The object of this bill is that a person who through no fault of his own happens to be in an unemployment camp, but whose name is registered in his home town, shall be allowed to go to the poll nearest to that unemployment camp and vote as in his own constituency. Personally I have no strong views on the matter, except that I am rather inclined to share those of the Minister of Justice (Mr. Guthrie), that if you open the doors still wider, sooner or later the whole effect of the act as to forcing a man to go to the poll nearest his own home, and providing a great many other safeguards, will be defeated. It is perhaps easy enough to provide safeguards for a small number of categories, but if we increase the categories to any great extent there is no telling where we will stop, and we do not know how difficult it may be to provide efficient safeguards for ordinary voters. I think last year I said I was in favour of this principle; I have no objection to it, though I must say that I should be just as glad if there was none of this absentee voting under the act at all.

Topic:   ABSENTEE BALLOT FOR MEN IN UNEMPLOYMENT RELIEF CAMPS
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IND

Alan Webster Neill

Independent

Mr. A. W. NEILL (Comox-Albemd):

Mr. Speaker, I am and always have been of the opinion that the absentee vote should apply to everyone in Canada, subject of course to the restrictions in the act confining it to the particular province in which the man or woman is domiciled. I was not a bit enamoured of the act we .passed last year; I do not think it was an improvement in any way upon the old act which, by and large, gave us a pretty fair deal and provided a ready and convenient means of getting on the list and voting. In the final analysis everyone was protected by the opportunity of swearing himself in on election day. That did away with any possibility of wrongdoing or of people being left off deliberately, yet it provided safeguards so that there was very little abuse.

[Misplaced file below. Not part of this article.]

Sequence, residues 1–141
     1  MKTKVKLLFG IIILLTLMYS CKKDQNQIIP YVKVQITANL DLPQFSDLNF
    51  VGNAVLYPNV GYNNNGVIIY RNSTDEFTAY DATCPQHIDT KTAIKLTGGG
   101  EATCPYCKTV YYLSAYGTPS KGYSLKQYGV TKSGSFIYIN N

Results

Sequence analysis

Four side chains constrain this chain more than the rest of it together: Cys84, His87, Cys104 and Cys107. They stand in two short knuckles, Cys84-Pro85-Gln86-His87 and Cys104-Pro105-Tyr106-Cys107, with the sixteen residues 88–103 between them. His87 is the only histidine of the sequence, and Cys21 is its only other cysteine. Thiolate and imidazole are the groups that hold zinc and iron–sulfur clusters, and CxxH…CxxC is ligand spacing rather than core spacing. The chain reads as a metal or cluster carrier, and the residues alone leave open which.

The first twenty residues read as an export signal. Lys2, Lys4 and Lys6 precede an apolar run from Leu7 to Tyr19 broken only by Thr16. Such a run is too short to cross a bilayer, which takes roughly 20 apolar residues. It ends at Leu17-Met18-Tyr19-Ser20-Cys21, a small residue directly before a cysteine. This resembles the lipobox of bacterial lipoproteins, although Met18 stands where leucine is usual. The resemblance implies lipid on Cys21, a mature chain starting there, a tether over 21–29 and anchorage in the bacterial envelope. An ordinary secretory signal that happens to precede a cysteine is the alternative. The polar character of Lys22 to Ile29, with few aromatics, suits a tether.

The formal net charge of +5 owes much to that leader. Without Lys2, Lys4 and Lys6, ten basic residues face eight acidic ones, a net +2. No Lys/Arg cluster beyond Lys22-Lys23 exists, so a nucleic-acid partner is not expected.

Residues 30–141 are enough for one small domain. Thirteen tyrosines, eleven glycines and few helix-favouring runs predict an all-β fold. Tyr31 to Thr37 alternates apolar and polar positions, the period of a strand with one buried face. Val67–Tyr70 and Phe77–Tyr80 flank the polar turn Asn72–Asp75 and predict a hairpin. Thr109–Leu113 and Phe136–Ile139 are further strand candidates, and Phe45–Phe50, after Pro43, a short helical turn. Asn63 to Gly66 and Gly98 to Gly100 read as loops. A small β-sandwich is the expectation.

When the Prime Minister (Mr. Bennett) introduced that bill he referred to the fact that in many respects it resembled the act that had been in force in British Columbia for a number of years, but as I pointed out at that time unfortunately he did not adhere to the British Columbia act in all particulars and, as the saying goes, that spilled the

beans. For instance the British Columbia act provides that the court of revision shall be held every month, whereas under our act it is to be held every year, which makes a very great difference. Again, British Columbia has the absentee vote applying to everyone, while we restrict it to the four classes that have been named. When the resolution was brought in last year I pointed out these facts. I need not read what I said, but I pointed out that if we were going to follow the British Columbia act we ought to take the bitter with the sweet, whereas we appeared to have taken the worst features of the British Columbia act and to have left out the better ones, the safeguards. At all events my opinion, which I urged in the house, was that we should have the absentee vote applying to everyone. It is quite true that if you look at Hansard you will see that, speaking selfishly for my own district and others in the vicinity, I said that it would fall particularly hard on the four classes I named; when the matter came up in committee the minister was good enough to grant my request, and the act was so amended. I was grateful for that; on the principle that I should accept what I could get if I could not get what I wanted, which is always a good principle in politics, I was grateful for that concession, but at the same time I see nothing wrong with the idea that this privilege should be extended to everyone.